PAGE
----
The new MacBook Pro: Will it solve the Apple laptop shopper’s dilemma? – CNET

One of the most common emails I get from CNET readers is a variation on: “When will product X get updated?” And, more often than not, the product in question is one of Apple’s MacBook laptops.

With their distinctive aluminum bodies and (sometimes) glowing Apple logos, MacBooks are a familiar sight everywhere people compute on the go, from coffee shops to airports to college campuses.

But if it feels like you’ve been seeing the same MacBooks floating around for a while, you’d be correct. The current iterations of most MacBooks have been around for longer than many competing laptop lines, and the lone non-retina-display 13-inch MacBook Pro is still on sale in 2016 with the same basic configuration it’s had since 2012. (Yes, Apple still sells a computer with a DVD drive.)

That’s an outlier, but it’s emblematic of a larger issue: The pace of design innovation on the Mac platform has slowed considerably. The last truly new model was the 12-inch MacBook in 2015. Apple’s other laptops, the MacBook Air and the MacBook Pro, haven’t seen anything other than minor spec bumps — stuff like newer Intel chips, faster Wi-Fi, more memory — in the past several years. In fact, the only “new” Mac in 2016 has been the refreshed version of that 12-inch MacBook — again, just a faster chip dropped into last year’s body.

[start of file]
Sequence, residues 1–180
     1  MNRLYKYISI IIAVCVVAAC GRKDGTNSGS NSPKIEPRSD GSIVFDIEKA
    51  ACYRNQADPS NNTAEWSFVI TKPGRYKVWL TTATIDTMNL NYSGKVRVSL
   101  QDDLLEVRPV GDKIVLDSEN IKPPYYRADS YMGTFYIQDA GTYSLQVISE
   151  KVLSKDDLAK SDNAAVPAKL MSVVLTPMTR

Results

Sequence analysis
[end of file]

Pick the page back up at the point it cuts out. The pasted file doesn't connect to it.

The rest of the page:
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If you’re looking for the latest and greatest in the never-ending race toward newer and better system specs, that might be important. New technologies, including the latest Core i-series Intel processors, USB-C ports, OLED displays, PCIe solid-state drives and new graphics chips, are regularly turning up in new laptops from Dell, Lenovo, HP, Samsung and others. For the most part, MacBook owners have been left out of many of these innovations.

MacBook Pro

The latest from the never-ending Apple rumor mill is that a new line of MacBook Pro laptops are coming later in 2016. Besides thinner bodies, these new systems will purportedly replace the familiar function key row with an OLED touch strip, which may also include a fingerprint reader. New AMD graphics options are also part of the current speculation. Most of these rumors have been floating around for months, but Bloomberg’s Mark Gurman, who has an excellent track record for these things, recently indicated that this MacBook Pro update is coming later this year.

For the MacBook Pro, that would be the first real system update since May 2015. But, the actual look and feel of the current Retina-display MacBook Pro 13 and 15-inch models really dates back more than four years. Except for the CPU and a few other component and port tweaks, the Retina-screen MacBook Pro you’d buy today is essentially the same as the one you’d buy in 2012.